Sure, in other cities, record stores are a dying breed. But here in St. Louis, our havens for vinyl, CDs and even — we're dating ourselves, here — cassette tapes are multiplying faster than a mogwai in a bathtub. In a crowded field of sonic quality, Music Record Shop stands out as a true groove thang. Or Grove thang, even. The store recently packed up its little online distribution shop in Kirkwood to set up camp in the Grove between music venues the Demo and the Ready Room, and we can't imagine a more harmonious fit. Owner Mark Carter specializes in brand-new vinyl and collectable reissues from the likes of Wu-Tang Clan, David Bowie and Faith No More, but Carter also keeps an eye on the show calendar and stays open late to host meet-and-greets or hawk albums of bands finishing up sets in the neighboring venues. Carter also tosses in plenty of locally produced wax, making Music Record Shop music to our ears.
After only a year tucked behind Antique Row staple the Heirloom Room, Flowers & Weeds owner Jessica Douglass has turned a greenhouse and small garden into a veritable Eden just off Cherokee Street's beaten path. Douglass made her name in the local floral scene with her elegant selection of terrariums — enclosed worlds designed inside reclaimed glassware and filled with responsibly foraged Missouri ferns and mosses, starkly beautiful succulents, or the alien Tillandsia, whose leaves take water directly from the air. Lulu's Local Eatery, the food-truck-turned-restaurant with a distinguishing commitment to all things green, displays Douglass' handiwork in its new South Grand space. Once she opened her own shop, Douglass attracted a long line of brides to her door, thanks to her encyclopedic knowledge of flora and rustic yet luxurious aesthetic. And it sure doesn't hurt that Douglass charges south-city, not Ladue, prices.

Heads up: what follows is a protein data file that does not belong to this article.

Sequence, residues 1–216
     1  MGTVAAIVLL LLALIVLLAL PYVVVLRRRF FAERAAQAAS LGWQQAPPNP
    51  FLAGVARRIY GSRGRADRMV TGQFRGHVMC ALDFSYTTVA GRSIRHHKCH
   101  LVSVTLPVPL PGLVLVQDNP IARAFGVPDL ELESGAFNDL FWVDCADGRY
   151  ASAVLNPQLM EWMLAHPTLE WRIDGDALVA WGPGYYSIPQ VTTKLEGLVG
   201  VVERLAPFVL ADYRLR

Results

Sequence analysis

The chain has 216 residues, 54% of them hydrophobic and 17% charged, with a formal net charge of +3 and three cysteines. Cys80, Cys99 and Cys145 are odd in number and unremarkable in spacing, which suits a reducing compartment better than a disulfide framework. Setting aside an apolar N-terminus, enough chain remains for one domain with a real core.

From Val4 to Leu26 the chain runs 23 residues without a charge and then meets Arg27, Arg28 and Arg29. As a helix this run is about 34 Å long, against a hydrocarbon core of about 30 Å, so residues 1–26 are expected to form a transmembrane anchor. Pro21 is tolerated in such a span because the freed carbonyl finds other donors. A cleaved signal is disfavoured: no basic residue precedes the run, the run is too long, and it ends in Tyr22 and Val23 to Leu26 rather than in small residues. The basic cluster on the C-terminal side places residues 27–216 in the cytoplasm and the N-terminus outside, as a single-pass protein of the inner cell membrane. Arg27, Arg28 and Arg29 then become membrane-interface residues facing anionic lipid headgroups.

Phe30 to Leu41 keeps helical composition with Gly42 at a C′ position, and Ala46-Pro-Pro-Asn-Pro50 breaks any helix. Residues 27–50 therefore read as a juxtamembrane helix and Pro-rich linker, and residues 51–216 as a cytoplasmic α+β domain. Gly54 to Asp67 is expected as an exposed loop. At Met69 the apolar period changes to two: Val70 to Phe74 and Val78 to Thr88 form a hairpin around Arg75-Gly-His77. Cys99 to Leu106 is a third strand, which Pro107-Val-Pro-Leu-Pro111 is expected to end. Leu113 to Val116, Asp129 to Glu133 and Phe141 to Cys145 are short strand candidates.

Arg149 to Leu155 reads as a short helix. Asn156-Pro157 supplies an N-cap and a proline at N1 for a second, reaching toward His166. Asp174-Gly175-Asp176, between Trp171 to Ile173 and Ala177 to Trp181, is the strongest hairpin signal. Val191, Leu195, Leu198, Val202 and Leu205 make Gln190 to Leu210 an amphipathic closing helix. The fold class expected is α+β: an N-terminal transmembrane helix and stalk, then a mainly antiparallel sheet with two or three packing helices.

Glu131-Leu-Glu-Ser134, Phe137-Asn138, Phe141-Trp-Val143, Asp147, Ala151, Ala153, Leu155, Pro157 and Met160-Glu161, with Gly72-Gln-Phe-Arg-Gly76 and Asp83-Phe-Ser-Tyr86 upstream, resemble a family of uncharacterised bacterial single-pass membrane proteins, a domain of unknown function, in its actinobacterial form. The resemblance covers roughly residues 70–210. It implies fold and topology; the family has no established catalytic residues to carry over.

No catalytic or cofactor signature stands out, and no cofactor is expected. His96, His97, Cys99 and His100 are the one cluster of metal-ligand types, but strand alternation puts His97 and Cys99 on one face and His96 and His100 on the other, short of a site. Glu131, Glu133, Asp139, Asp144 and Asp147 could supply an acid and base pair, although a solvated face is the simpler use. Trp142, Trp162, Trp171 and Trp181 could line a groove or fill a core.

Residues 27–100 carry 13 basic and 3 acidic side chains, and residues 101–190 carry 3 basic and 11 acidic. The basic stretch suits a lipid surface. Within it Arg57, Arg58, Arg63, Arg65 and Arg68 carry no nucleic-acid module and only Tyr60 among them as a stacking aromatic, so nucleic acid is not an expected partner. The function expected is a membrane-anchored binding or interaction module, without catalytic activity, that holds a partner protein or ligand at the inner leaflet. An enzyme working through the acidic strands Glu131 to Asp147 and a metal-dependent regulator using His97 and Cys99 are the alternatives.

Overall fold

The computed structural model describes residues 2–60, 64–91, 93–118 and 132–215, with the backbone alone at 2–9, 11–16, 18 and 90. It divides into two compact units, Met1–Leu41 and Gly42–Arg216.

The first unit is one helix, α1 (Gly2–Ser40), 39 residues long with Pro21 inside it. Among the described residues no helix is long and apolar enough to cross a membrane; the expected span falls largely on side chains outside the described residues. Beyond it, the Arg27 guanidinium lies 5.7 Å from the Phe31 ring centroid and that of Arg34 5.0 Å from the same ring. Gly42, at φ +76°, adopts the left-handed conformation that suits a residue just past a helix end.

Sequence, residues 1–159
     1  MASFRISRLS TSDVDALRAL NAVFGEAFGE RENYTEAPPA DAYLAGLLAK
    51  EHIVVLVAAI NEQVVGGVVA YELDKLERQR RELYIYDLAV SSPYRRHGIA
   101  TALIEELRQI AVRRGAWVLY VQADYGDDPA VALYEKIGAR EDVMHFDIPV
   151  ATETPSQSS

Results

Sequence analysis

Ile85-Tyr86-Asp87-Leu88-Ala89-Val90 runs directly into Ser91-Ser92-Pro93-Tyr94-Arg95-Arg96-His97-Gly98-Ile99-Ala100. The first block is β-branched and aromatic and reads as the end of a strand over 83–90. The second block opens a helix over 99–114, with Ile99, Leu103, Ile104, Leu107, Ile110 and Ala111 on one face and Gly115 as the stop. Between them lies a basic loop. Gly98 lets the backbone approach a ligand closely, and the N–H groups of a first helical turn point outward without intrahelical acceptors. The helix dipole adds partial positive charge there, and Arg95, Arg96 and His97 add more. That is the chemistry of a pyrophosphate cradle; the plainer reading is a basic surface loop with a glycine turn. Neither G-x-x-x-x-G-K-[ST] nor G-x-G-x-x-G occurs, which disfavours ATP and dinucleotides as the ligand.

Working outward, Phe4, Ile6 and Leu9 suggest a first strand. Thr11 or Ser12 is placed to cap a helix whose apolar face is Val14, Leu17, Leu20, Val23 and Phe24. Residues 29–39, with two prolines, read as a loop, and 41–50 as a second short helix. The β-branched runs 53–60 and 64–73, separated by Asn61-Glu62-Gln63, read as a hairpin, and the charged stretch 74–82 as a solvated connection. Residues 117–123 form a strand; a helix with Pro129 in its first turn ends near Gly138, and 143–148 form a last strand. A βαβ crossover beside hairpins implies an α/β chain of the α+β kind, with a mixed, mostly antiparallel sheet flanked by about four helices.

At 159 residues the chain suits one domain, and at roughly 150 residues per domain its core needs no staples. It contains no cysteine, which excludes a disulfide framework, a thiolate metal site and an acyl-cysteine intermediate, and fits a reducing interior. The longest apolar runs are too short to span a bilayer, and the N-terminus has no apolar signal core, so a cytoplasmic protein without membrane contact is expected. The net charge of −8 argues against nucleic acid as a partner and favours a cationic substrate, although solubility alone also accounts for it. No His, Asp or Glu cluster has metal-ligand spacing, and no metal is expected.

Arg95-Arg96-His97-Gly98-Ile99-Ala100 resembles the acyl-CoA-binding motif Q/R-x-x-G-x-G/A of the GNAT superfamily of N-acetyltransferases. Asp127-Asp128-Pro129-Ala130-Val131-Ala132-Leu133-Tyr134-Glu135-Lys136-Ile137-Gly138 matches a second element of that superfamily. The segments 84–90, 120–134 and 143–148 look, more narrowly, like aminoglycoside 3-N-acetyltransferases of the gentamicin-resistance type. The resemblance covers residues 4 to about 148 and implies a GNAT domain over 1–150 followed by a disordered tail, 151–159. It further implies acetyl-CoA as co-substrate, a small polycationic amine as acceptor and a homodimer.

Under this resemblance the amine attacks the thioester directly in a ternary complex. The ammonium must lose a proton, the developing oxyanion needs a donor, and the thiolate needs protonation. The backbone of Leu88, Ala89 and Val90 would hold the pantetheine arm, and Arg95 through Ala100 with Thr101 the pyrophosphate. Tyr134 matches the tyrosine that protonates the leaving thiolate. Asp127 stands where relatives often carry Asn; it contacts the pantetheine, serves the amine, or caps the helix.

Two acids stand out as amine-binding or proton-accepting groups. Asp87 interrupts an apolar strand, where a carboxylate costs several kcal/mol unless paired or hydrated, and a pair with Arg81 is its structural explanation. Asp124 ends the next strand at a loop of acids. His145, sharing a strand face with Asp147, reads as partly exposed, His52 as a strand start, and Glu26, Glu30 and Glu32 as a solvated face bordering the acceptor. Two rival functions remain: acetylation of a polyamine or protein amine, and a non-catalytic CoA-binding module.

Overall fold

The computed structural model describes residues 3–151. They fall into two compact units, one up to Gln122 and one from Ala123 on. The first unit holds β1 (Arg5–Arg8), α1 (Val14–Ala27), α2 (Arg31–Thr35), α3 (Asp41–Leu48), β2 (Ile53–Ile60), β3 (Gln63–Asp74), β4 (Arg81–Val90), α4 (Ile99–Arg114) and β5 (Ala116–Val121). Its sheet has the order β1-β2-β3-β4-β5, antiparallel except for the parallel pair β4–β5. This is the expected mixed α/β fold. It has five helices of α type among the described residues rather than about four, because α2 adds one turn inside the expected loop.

Tying the knot at the Fabulous Fox Theatre is a celebration not only of the joining of two souls, but with the historical soul of St. Louis itself. The couple can have their names splashed across the marquee and have the ceremony atop the grand staircase in the Fox's main lobby. The bridal party can ready themselves in the very dressing rooms that have hosted legends of the stage throughout the decades, and first dances can take place in front of a bejeweled curtain on the main stage. As wedding one-upmanship goes, this is the nuclear option, and the Fox can accommodate guest lists of massive size and scope. To reserve the Fox you must commit to a $25,000 food-and-beverage minimum for your event. Then again, recent studies have shown that couples who have bigger weddings are more likely to stay together — and what could be bigger than that? Give the Fox a call for a tour, and just ask for Thom Johnson.